Today’s presentation is intended to give you some ideas on how to create an academic coaching program. I will cover the importance of building relationships, recruitment of coaches for our program, the training and resources we provide and how we recruit students.
First of all, our academic coaching program is designed for first-year, residential students. Because US is an after hours in-hall support program, we wanted to narrow our focus so we could provide standardized coaching. Additionally we needed to focus on students that we could target to get them enrolled, rather than our entire student body.
Creating an Academic Coaching Program
Shoshana ZeismanNACADA Region 8 Conference 2012
Building Relationships Recruitment of Coaches Peer Coaches Professional Coaches Training Coaching Resources Recruitment of Students The Coaching Curriculum
Designed for first-year, residential students Standardized curriculum – case management model Training and resources provided to all coaches In depth screening process
The Learning Center Advising and Career Services Formerly the Undergraduate Advising and Support Center (UASC) and the Career Center The Student Health and Counseling Center (SHAC) Auxiliary Services Student AffairsMemorandum of Understandingbetween partners outlinesresponsibilities for coachingprogram.
Peer Coaches Learning Community Assistants ▪ Provide in-hall academic support ▪ Already trained with peer mentors Professional Coaches Recruited from across campus Time commitment: about an hour every other week throughout the term for each student.
Start with colleagues that you know Look for professional staff on campus that have limited contact with student, or work with students in a different type of capacity Ask in person, email or phone Accept referral from other coaches You just have to ask!
Campus-wide advertising Personal Recruitment Group and Individual Interviews Learning Community Assistant Class Peer Mentoring Class
Professional and Peer 3 hour training sessions Interactive training Coach-centered approach Overall Peer Training LCA and Peer Mentoring Classes Two week residential, intensive training Continued Training Monthly coaches gatherings One 1 hour training focused on curriculum updates
Peer Professional• Part of job description • Volunteer as part of professional role• New to case management • Often more familiar with case management• Ongoing training important • Ong0ing training creates connection• Greater learning curve • Easily assimilated - “fun” part of work life• Layers of mentoring • Peer exchange and support• Need more• Important to match to appropriate • Important to match to background developmental stage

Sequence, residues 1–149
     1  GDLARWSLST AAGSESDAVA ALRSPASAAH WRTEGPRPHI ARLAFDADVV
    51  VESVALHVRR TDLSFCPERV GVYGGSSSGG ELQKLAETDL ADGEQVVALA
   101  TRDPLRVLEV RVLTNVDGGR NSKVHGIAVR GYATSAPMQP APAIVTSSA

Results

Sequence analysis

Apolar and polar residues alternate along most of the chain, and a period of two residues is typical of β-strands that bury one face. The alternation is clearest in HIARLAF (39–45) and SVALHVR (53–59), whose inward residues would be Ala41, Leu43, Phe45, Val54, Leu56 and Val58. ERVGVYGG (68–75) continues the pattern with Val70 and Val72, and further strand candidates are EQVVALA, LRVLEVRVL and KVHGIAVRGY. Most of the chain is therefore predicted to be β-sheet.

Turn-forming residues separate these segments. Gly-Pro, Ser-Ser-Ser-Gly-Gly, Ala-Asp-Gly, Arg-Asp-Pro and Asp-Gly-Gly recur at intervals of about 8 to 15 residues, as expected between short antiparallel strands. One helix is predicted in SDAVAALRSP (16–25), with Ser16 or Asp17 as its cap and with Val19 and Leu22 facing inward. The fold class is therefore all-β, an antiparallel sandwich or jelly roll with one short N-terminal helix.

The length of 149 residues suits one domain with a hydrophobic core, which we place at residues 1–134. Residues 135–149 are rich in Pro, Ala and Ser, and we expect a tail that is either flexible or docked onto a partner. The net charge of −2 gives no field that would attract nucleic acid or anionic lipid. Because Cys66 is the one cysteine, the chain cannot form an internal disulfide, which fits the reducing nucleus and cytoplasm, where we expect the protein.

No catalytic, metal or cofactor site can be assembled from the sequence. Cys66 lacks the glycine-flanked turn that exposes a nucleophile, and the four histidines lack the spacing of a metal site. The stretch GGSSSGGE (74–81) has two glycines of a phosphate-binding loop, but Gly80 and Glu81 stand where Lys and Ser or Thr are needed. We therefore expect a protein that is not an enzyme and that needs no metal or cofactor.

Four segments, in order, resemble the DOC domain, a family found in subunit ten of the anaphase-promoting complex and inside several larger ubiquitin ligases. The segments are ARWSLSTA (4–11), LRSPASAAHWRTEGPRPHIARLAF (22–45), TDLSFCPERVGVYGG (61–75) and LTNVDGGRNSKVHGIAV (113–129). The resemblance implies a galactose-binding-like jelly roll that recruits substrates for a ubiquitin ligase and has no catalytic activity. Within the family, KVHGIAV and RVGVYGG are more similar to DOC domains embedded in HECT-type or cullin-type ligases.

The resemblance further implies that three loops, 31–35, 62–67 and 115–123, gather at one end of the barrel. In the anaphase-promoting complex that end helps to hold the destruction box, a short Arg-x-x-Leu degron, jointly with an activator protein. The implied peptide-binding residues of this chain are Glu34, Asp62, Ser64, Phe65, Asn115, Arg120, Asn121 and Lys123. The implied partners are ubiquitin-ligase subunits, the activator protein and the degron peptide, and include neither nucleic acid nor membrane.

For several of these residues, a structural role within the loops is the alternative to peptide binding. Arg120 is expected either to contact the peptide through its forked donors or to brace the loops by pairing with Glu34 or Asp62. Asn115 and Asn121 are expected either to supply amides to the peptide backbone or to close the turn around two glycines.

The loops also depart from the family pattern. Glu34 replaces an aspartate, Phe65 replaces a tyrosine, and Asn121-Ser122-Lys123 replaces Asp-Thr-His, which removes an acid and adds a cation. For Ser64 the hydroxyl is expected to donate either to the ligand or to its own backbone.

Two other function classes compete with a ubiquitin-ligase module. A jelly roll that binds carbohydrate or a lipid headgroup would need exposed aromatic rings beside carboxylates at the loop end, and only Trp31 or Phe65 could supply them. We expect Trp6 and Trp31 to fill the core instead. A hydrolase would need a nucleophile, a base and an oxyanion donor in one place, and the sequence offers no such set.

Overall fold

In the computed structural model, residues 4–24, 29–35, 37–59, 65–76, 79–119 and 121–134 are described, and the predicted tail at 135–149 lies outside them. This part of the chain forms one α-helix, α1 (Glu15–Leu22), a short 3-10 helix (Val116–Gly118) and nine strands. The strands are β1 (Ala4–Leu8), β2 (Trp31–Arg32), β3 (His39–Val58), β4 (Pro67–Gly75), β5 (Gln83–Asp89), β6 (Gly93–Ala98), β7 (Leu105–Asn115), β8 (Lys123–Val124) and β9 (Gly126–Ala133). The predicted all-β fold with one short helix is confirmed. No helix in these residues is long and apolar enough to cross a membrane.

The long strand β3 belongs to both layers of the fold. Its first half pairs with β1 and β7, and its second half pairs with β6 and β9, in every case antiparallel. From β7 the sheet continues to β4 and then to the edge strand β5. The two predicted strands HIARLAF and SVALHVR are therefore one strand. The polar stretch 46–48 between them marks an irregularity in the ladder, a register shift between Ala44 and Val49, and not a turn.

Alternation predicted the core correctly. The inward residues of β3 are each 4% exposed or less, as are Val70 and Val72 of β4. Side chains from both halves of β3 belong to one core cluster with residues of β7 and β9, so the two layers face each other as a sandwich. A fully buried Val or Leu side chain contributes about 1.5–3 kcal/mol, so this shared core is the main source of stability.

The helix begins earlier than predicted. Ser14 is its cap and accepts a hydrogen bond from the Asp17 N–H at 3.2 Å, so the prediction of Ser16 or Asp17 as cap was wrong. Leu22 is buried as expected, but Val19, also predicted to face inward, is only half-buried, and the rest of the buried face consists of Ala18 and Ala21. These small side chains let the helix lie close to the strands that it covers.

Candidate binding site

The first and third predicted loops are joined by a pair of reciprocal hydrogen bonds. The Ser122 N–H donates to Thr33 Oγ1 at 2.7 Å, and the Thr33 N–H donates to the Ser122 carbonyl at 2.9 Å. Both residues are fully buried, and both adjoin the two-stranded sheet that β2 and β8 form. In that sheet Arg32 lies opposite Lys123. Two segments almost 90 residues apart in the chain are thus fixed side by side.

Professional Coaches Peer Coaches Initial 3-hour training Initial 3-hour training Monthly coaching gathering Monthly coaching gathering Case management folders Monthly peer specific training Online access via googlesite: Weekly supervision List-serve Case management folders Resource Guide – PSU Online access via googlesite: handbook List-serve One-on-one support with Resource Guide – PSU handbook University Success GA or One-on-one support with Shoshana University Success GA or Shoshana
Fall term: all FYE students receive a postcard and an email about the coaching program before the term begins Winter and Spring term: all FYE students receive an email around week seven; students that end up on academic warning or academic probation are strongly encouraged to join the coaching program
All interested students either emailed or called to request a space in the program We collected the following information from all students in an effort to match each student with an appropriate coach: Name, Student ID, FRINQ theme, Email, Housing Needs or concerns to be addressed Preference in either peer or professional coach Major After all students had been matched for the term, the coaches receive an email with their students information and make contact to schedule the first session
Empowerment and Motivation Strategies SMART Goal Setting Proactive Approach: Academic Planner IST 199/399 College Success Campus Resources Meeting with Adviser On Course by Skip Downing Personal Responsibility Wise Choice Process Interdependence
5 peer coaches and 19 professional coaches 59 students served through 3 quarters Fall 2010 ▪ 35 students ▪ 3.28 Median GPA Winter 2011 ▪ 29 students ▪ 3.28 Median GPA Spring 2011 ▪ 22 students
26 Professional Coaches Fall 2011 10 New - 42 students 16 Returning ▪ Only 3 coaches did not Winter 2012 return from last year ▪ 2 of the 3 will resume - 12 returning students Winter term - 7 new students 5 Peer Coaches Spring 2012 - All FYE students have been contacted
Online intake and exit interview Combined pre- and post-test with information for coaches Comprehensive assessment strategy Curriculum Impacts on student retention and GPA More systematic training More comprehensive access to resources for coaches Implementation of a peer coach training plan Coaching model piloting in Learning Center
Cooperation of a broad range of people on campus A few people dedicated to the program’s success